Over the weekend just gone, Chris Nickson of Lifeinthefastlane threw down a challenge – the idea of a debate of ‘real anaesthetists don’t need checklists’ between Dr Minh le Cong and myself at next year’s SMACC14 conference on the Gold Coast (#SMACCGOLD).
Not withstanding the obvious inequalities between Minh’s masterful martial arts technique and my more traditional wrestling style, I reckon this will be a kick ass debate and lead nicely into some breakout discussions.
It’s no secret that I am a fan of checklists and other cognitive aids to help us in our work. I;ve been blogging about this since my post on ‘aviation & anaesthesia’ back in 2011 at the old KIDOCs blogsite (http://ki-docs.blogspot.com.au/2011/11/anaesthesia-aviation.html) and linking to usual resources see ‘Resources’ menu tab above)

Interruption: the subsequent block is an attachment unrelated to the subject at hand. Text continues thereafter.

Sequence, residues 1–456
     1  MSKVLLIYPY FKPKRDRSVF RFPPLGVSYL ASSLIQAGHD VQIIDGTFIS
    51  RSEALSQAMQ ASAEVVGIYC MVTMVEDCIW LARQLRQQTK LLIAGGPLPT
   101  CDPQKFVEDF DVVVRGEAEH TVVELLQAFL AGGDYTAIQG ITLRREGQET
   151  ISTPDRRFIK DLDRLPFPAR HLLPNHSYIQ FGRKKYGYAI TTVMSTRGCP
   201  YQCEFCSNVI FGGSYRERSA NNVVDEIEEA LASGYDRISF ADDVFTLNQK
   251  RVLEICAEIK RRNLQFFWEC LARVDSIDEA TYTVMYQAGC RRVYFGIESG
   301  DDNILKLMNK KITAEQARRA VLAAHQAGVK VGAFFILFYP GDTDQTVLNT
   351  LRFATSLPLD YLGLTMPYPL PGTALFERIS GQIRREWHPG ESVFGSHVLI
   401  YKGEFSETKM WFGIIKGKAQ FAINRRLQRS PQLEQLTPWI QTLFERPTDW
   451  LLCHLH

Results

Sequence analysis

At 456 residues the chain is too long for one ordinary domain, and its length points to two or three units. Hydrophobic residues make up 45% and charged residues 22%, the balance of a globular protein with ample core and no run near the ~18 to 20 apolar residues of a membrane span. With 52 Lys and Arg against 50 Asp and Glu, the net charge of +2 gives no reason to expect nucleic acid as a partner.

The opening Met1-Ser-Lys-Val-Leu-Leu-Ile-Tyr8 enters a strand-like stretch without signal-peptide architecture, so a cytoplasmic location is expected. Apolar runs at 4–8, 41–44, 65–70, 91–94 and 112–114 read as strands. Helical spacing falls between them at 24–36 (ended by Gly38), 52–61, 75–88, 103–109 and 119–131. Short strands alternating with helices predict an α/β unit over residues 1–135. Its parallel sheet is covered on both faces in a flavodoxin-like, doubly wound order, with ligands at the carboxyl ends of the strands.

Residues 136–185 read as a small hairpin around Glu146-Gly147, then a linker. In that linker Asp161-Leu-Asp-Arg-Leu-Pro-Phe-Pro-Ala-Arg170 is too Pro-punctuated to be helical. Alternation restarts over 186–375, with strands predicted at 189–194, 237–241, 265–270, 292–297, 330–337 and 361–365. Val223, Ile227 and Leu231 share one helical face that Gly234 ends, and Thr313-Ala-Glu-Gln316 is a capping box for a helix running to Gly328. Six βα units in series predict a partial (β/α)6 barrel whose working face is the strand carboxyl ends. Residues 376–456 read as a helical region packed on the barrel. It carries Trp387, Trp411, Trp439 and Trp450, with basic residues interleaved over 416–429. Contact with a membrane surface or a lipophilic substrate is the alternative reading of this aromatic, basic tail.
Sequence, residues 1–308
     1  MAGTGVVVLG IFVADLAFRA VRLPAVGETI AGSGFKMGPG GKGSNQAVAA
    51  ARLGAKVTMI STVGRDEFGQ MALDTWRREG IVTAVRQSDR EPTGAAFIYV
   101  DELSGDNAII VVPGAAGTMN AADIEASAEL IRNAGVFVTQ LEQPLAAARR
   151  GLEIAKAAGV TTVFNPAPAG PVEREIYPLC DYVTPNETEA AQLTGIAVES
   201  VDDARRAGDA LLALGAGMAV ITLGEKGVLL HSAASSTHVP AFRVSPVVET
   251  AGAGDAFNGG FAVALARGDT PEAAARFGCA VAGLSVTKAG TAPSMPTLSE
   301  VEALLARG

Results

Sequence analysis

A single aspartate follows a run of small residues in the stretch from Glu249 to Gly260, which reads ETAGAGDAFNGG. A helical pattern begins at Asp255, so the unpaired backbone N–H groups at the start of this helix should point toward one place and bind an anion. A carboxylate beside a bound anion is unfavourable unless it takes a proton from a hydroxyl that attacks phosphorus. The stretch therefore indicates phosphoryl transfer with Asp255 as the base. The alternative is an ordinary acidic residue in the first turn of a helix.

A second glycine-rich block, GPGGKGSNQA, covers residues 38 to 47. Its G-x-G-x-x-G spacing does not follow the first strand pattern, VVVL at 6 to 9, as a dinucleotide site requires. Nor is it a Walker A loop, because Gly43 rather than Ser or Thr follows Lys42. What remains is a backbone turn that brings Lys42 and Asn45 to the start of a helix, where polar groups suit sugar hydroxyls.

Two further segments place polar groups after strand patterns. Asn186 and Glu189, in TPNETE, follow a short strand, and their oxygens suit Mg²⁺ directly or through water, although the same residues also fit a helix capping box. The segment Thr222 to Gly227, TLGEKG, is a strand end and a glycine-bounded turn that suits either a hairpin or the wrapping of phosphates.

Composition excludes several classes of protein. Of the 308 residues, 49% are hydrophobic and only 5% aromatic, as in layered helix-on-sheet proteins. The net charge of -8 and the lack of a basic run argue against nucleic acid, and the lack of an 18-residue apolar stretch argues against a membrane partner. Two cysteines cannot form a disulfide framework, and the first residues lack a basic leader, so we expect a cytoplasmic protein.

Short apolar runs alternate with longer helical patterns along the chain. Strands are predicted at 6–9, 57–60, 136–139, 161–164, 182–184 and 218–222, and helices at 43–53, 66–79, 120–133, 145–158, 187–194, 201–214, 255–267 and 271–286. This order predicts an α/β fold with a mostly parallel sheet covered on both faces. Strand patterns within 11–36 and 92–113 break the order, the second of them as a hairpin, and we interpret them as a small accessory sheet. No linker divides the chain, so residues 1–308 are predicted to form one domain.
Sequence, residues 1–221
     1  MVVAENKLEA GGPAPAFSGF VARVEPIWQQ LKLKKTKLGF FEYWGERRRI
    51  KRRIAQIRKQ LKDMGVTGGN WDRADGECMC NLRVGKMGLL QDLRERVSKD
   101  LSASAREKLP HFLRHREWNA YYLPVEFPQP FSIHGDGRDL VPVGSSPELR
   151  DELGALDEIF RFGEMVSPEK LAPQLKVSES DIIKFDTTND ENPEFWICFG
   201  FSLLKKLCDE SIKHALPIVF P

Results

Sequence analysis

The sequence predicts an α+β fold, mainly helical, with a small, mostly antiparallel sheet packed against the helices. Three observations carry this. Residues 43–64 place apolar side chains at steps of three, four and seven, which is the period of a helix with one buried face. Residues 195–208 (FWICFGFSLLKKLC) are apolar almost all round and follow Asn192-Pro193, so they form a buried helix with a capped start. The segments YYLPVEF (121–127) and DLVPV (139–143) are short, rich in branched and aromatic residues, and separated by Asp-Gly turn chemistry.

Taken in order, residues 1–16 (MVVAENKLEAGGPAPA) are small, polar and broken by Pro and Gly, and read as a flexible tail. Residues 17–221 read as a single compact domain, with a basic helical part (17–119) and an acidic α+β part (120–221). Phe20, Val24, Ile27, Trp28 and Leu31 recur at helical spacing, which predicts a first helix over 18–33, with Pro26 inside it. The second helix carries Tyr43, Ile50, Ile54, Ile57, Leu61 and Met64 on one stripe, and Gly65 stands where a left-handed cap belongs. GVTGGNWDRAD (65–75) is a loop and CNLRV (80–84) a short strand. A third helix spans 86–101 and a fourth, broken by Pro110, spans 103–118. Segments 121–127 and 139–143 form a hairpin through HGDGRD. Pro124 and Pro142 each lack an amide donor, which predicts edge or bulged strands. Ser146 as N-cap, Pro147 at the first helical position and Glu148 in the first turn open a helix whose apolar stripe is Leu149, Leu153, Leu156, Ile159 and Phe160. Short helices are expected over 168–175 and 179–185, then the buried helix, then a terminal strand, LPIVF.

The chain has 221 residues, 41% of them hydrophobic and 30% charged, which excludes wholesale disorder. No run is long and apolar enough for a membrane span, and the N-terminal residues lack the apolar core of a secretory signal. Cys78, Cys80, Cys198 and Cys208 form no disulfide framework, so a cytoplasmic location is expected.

Familiarity breeds contempt, and there is a benefit to introducing checklists into everyday routine BUT HIGH RISK procedures
– the WHO Surgical Checklist (more than the standard ‘surgical time out’ should incorporate checks in anaesthesia room, before knife-to-skin and before leaving the OT)
– an RSI kit dump and challenge-response checklist, as used by many retrieval services but with application to occasional intubators in the ED, ICU and rural environment
– checklists for management of crises, in OT, in ED, in Labour Ward
Not only that, use of checklists fosters teamwork, humility, discipline rather than the usual independence, self-sufficiency and autonomy that underlies most medical training.
Listen to Atul Gawande talking about ‘the checklist manifesto’ (thanks to Dr Stefan Mazur of medSTAR SA for getting on board with Twitter and sharing this link)
Meanwhile, bring it on…